Adhesiveness in citrated whole blood is critically pH dependent at hydrogen ion concentrations close to the physiological range. While platelets in platelet-rich plasma (PRP) adhere poorly in glass-bead columns, washed platelets and particularly gel-filtered platelets (GFP), prepared from PRP, are adhesive. Separation of PRP on a Sepharose 2B column revealed the presence of an inhibitor of adhesiveness of GFP. The inhibitory compound is thermostable and nondialyzable. It is inactivated completely by pronase digestion and partially by trypsin digestion. It is distinct from any one of the known platelet factors. Washed erythrocytes and erythrocyte membranes attenuate the potency of the inhibitor. Following separation by isoelectric focusing, the inhibitory activity is limited primarily to a single fraction with an isoelectric point of 5.1 containing equal amounts of proteins and lipids. Two protein bands are revealed by sodium dodecyl sulfate-gel electrophoresis of the purified fraction. It is concluded that PRP contains a compound, apparently a lipoprotein, which inhibits platelet adhesiveness.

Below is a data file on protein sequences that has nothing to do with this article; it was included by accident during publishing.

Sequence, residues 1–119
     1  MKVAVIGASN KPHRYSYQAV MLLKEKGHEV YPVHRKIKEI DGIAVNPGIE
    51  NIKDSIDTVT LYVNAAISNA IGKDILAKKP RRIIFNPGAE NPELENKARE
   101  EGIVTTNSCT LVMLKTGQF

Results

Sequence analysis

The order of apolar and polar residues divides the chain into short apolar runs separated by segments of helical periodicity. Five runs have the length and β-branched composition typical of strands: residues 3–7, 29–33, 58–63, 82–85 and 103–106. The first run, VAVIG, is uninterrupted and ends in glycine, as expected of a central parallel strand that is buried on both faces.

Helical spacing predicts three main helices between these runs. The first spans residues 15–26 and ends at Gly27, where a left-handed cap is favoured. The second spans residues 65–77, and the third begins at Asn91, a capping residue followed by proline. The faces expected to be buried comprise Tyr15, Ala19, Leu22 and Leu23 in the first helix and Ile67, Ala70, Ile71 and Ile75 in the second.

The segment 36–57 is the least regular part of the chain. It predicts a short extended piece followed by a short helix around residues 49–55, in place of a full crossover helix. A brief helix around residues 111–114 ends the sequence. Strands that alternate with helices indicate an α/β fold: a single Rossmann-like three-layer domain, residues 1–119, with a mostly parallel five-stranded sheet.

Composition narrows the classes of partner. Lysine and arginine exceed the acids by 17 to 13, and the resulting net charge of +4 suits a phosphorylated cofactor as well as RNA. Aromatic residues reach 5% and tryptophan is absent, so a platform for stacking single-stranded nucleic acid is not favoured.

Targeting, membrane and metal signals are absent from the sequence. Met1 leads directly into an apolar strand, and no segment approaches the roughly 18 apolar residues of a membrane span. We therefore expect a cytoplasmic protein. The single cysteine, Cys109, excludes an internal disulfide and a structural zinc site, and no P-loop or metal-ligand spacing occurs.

|Number of pages||8|
|Journal||Israel Journal of Medical Sciences|
|State||Published - 1 Jan 1977|
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